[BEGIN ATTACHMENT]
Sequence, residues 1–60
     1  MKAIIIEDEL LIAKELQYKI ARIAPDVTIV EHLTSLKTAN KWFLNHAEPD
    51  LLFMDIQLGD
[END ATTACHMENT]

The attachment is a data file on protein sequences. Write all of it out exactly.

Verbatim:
Sequence, residues 1–60
     1  MKAIIIEDEL LIAKELQYKI ARIAPDVTIV EHLTSLKTAN KWFLNHAEPD
    51  LLFMDIQLGD